Note that the reason for wanting to automatically disable wireless connections when connected to the LAN is more than just a matter of speed--it's also a matter of security. That's because bridging of wired and wireless network interfaces might enable malicious users via your wireless interface to access your company's internal corporate network via your LAN interface. However, you can mitigate this risk by disabling network bridge functionality using Group Policy as described on this TechNet page:
Preventing connections to unknown wireless networks
If your company wants to prevent users with Windows 7 laptops from being able to connect to unknown (i.e. unauthorized) wireless networks, you can enforce this with Group Policy as described in this excellent post from the Group Policy Central blog:
Using PowerShell to change your network location type
Unidentified networks in Windows 7 are automatically configured as Public networks. If you need to change your network location type from Public to Work, you can do so using the Windows PowerShell script in this post on Darene Lewis's MSDN blog:
Best RJ45 crimping tools and other gadgets
If you need to lay down some Cat5e/Cat6 cabling in your home or office, you'll need some good tools. A good crimper is especially important unless you want your connections to fail intermittently. The following are a few recommendations from some colleagues:
Paladin CrimpALL Crimper:
Paladin All-in-One Crimper:
TRENDnet RJ-11/RJ-45 Crimp/Cut/Strip Tool:
Eclipse UTP Universal Stripping Tool:
Eclipse Multi-Modular Cable Tester:
eStar Network Cable Tester:
And if you want everything together in one package:
Paladin Network Tool Bundle:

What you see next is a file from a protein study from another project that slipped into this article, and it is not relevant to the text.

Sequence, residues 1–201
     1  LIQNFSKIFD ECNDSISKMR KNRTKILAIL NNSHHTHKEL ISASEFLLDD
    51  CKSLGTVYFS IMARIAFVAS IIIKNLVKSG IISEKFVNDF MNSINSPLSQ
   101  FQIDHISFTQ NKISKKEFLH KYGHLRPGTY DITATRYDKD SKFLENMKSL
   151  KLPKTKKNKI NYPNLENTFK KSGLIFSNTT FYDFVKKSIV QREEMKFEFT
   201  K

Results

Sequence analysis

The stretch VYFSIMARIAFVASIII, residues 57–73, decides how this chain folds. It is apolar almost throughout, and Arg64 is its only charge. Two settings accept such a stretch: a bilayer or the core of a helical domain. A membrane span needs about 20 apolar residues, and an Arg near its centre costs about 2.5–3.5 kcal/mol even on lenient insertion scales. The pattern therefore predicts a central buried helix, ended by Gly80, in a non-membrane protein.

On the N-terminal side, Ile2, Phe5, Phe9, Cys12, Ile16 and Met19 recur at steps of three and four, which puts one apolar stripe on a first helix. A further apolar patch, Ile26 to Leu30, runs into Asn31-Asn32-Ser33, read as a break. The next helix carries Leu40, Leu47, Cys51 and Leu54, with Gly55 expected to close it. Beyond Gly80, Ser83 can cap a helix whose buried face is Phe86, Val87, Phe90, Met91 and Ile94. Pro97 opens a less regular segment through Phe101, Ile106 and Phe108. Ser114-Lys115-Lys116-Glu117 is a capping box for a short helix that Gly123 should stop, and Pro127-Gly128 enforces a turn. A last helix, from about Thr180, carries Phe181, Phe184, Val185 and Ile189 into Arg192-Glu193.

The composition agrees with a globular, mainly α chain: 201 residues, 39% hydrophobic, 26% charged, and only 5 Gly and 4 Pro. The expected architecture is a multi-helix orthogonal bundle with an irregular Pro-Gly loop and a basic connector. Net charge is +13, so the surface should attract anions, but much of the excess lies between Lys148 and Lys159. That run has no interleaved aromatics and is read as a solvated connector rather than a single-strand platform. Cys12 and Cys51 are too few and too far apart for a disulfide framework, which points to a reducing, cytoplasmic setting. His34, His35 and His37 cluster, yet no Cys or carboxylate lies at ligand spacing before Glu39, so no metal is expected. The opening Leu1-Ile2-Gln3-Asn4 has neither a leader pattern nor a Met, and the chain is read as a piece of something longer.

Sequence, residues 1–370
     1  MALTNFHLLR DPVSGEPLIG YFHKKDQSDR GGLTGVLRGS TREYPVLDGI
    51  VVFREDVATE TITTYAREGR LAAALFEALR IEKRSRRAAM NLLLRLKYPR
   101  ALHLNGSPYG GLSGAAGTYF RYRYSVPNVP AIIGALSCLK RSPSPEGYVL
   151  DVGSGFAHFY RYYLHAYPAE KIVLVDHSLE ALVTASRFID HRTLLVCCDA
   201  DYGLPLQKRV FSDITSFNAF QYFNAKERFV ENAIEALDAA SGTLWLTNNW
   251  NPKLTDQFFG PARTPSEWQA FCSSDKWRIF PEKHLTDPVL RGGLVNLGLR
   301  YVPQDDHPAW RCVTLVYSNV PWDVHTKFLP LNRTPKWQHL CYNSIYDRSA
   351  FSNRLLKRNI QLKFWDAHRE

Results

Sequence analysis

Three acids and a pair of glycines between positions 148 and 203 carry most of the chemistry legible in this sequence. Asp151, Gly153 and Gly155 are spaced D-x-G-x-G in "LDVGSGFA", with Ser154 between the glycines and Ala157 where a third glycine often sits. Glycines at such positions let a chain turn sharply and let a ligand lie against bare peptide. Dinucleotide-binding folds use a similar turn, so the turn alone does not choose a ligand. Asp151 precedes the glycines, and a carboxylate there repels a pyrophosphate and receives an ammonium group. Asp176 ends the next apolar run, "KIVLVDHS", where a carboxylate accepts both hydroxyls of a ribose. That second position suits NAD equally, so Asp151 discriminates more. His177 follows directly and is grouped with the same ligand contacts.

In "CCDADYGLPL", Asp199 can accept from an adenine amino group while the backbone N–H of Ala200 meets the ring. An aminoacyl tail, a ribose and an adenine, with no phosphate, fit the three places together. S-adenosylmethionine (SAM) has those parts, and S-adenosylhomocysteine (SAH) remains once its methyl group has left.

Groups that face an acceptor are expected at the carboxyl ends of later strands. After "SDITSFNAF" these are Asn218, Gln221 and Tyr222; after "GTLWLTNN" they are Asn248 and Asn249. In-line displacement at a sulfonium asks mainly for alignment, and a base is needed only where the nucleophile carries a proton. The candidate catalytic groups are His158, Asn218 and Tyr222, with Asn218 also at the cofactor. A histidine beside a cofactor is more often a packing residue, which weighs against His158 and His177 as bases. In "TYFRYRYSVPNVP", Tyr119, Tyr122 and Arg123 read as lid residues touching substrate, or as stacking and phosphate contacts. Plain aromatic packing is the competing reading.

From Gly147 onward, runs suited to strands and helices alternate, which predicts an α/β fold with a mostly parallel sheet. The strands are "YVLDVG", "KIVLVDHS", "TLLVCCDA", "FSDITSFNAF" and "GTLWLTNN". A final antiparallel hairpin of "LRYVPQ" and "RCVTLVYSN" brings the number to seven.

Finally, this seems to be a favorite as far as patch panels goes:
Leviton Twist and Mount Patch Panel:
Got any networking tools or hardware to recommend? Email me at [email protected]
Windows networking on WindowsNetworking.com
WindowsNetworking.com, one of the sites of this newsletter's parent company TechGenix Ltd., has some great articles on Windows networking. These articles range from the networking fundamentals to advanced topics. Here's a brief selection:
10 Core Concepts that Every Windows Network Admin Must Know:
15 Network Admin Apps for Windows Phone 7:
15 Network Admin Apps for Android:
10 Network Admin Apps for iOS:
New Networking Features in Windows 8 Consumer Preview:
Saving Money on the Network Budget:
IPv6 multicast background traffic (series):
Securing Wireless Network Traffic (series):
Why DNS is So Important to Your Client IP Configuration:
10 Ways to Troubleshoot DNS Resolution Issues:
Additional resources on Windows networking
Finally, here are a few threads from the Microsoft TechNet forums concerning various issues relating to Windows networking:
Wake on LAN not working:
Can't access Win XP from Win 7 - "[machine] is not accessible":
Setup Wifi connection + VPN before domain logon:
Unidentified Network appears every Windows 7 reboot and stops NW access:
How to change default TCP/IP to v4?
Windows 7 can't access Share in a workgroup:
Networking multiple Windows 7 machines:
Windows 7 cannot access file share on Server 2003 File Server:
The best place to get all your Windows 7 networking questions answered is the Windows 7 Networking forum on TechNet: